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5 Things You Should Know About Western Dressage

Debbi Sullivan  | Published on 5/28/2018

Number One: It’s Easy

Western Dressage is a sport that’s very easy to get involved in. It doesn’t require any special tack or equipment or clothing – your regular Western tack and attire are perfect. It doesn’t require a big investment to practice correctly at home, either. If you don’t have your your own dressage court, safety cones with the letters painted on them, and a tape measure to get the distances correct are all you need to build one! And if you’re just starting out in the sport or in riding in general, the Intro Level is devoted to walk-jog tests. You can learn, improve your riding skills, and still be involved in competition. Another plus? Western Dressage shows are all scheduled ahead of time. That means you sign up the week before the show (or whenever the show asks you to sign up!), and receive your ‘ride times’ before show day. Yep – you don’t have to get on the road at 5am, only to find out you won’t be competing until 2pm anymore. You know exactly what time you’ll be riding your tests!

Number Two: It’s Tough

They don’t call them ‘tests’ for nothing! No matter what level you ride, the tests are designed to progressively challenge you to build on the skills you’ve already mastered. The patterns are deceptively easy at first glance, but the goal in Western Dressage is not to simply perform the gaits at the specified points on the court, but to improve the quality of the ride as you advance. From the lower levels where horses and riders begin to find balance and bend, through the higher levels where understanding and maintaining collection and impulsion are expected, there is always something more to learn.

Number Three: It’s a Great Way to Master ‘Feel’

We’ve all heard about collection, and bend, and feel, and timing, and…you get the idea. But what does it all mean? When you focus your attention on learning  to ride Western Dressage well, the meaning of it all starts to become very clear, very quickly. As you ride those 20 meter circles, then 15, then 10, you find you actually can feel the moment your horse steps up under you with his inside hind leg. When you come down centerline, staring at “C” for all you’re worth and praying for a straight halt, you suddenly begin to understand how to keep your horse “between your reins and your legs,” and how you really do need to ride forward into a stop, not just pull back. These are basic principles of Western Dressage – it’s all about how your body and your horse’s body work together. You’ll be grinning wider than ever that first time you feel your horse get “light” – and you’ll know instantly that you’ve achieved something wonderful!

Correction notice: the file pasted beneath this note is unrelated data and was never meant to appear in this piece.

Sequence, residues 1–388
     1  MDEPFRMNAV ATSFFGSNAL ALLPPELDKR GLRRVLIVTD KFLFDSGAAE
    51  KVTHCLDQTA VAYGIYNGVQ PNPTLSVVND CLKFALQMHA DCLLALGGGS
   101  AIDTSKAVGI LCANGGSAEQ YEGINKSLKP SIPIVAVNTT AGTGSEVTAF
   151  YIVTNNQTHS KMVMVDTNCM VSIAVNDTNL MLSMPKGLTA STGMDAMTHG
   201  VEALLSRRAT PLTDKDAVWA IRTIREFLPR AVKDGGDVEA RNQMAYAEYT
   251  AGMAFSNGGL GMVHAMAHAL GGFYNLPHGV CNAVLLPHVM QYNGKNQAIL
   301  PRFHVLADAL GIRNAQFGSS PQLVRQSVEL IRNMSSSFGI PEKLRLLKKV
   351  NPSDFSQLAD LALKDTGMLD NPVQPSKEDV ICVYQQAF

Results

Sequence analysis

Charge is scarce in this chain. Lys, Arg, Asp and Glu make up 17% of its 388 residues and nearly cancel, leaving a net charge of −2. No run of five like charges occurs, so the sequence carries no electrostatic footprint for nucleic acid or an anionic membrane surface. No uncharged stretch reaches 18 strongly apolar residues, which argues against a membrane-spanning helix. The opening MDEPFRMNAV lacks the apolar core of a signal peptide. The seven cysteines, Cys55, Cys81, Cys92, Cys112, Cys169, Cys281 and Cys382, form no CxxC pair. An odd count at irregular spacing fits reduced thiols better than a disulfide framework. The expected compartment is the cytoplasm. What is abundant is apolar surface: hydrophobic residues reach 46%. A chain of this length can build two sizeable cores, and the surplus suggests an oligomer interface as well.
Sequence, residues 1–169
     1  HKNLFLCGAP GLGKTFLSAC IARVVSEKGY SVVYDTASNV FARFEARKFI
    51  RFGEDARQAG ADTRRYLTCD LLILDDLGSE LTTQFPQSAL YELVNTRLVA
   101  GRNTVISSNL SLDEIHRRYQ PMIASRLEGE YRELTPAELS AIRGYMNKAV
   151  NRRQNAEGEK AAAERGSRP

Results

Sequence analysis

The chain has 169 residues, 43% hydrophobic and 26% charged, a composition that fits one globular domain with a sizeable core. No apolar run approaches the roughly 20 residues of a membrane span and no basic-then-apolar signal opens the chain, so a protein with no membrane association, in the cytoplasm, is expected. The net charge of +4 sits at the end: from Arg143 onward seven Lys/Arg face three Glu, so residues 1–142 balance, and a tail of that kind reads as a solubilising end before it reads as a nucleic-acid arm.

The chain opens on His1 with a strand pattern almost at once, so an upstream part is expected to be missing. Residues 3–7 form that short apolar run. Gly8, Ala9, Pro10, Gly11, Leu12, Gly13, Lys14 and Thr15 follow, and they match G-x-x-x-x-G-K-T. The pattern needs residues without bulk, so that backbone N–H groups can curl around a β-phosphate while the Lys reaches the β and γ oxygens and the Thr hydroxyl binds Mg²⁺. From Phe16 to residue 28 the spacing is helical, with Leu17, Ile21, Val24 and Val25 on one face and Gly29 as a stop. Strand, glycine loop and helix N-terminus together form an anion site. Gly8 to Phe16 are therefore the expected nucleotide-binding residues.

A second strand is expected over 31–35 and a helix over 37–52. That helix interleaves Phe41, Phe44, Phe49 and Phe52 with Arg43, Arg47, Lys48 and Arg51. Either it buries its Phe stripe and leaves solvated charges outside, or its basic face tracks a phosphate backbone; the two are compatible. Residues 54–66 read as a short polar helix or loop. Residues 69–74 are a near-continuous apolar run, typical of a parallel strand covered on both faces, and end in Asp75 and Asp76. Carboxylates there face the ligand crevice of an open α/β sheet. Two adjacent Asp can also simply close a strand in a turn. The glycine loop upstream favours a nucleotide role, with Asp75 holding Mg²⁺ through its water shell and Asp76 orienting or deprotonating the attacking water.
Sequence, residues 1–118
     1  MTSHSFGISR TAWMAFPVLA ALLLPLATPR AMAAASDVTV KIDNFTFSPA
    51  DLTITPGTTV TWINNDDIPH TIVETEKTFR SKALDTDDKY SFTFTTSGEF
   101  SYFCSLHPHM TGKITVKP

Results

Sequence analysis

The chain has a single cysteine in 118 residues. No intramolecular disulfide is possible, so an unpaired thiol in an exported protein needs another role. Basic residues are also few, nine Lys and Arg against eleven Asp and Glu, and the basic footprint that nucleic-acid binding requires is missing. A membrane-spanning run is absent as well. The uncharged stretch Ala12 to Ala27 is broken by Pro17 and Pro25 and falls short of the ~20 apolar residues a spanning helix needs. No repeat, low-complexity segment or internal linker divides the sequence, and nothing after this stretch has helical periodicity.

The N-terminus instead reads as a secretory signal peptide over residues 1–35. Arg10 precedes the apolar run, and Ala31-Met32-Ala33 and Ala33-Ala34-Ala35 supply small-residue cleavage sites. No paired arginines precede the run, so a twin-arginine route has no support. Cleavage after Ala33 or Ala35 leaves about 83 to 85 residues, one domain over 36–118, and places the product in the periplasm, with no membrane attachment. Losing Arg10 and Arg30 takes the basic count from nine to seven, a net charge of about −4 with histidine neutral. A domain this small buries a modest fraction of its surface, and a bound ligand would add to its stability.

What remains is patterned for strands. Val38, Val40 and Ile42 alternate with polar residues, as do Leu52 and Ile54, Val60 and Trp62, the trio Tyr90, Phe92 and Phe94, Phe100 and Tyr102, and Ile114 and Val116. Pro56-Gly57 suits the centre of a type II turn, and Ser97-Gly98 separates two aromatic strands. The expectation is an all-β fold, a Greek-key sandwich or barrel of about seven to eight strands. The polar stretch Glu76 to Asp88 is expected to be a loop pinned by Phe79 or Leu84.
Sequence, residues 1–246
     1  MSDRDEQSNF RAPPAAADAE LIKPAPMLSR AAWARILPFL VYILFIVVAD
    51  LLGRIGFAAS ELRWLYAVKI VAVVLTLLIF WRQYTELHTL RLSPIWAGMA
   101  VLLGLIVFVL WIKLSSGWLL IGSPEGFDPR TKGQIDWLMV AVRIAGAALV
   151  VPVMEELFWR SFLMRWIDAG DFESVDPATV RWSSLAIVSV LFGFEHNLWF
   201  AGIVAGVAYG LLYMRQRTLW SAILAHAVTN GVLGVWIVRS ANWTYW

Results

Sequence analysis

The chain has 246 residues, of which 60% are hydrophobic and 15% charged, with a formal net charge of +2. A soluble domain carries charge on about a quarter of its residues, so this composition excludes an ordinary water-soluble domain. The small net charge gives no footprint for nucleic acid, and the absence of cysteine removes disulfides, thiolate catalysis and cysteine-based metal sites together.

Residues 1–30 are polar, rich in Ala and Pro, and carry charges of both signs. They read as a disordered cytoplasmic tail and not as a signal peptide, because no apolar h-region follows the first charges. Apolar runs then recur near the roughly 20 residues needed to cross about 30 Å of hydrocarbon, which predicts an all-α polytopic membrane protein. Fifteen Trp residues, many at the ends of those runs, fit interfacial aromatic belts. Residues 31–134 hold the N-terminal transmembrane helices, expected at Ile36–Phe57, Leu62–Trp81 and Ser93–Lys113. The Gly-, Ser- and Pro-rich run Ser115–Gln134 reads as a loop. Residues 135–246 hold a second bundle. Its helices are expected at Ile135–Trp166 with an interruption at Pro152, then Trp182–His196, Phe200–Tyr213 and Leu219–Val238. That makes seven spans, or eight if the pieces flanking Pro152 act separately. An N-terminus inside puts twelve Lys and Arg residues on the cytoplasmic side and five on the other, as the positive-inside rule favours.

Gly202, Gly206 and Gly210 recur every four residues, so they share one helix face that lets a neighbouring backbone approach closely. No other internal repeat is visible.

Number Four: It Has Benefits for Other Disciplines

Everything about Western Dressage leads to building a stronger, more balanced equine athlete. Everything about Western Dressage leads to building a more aware, effective rider. Take what you’ve learned and apply it to your chosen sport! A horse that’s developed impulsion from learning how to push from behind instead of drag along from the front will naturally do better in reining and versatility pattern work. A horse that knows how to move off your leg is going to ace those tricky sidepass obstacles. A rider who can recognize when their horse is leaning on their hands or pushing against the leg with their rib cage is going to be able to fix it, and get a better performance in any discipline.

Number Five: Shows are for Learning

Western Dressage tests are not a mystery. Each test tells you exactly what the judge will be looking for, what parts of the movements are being judged and in what way. And when you’re done riding, you get that scored test back, along with the judge’s comments. Not just a number for each movement on the test, but a short comment explaining why you got that number. You will also get scores for the harmony between horse and rider, and even an overall comment about your ride. It’s great to go home knowing exactly what you can work on to get a better score next time. And if you make a mistake, it’s just one movement of the test. The rest of your ride is still judged on its own merit. So if you get a wrong lead you’ll get a low score on that one movement, but you can still do well on all the other movements and come out with your head held high. One mistake doesn’t “zero” you out.

Western Dressage improves every aspect of communication between horse and human. It’s easy to get started in, challenging for any level of rider, useful in other disciplines, and you never stop learning. So what’s stopping you? Get out there and give it a try!

For information on clinics and local shows, check out the CAWDA events calendar.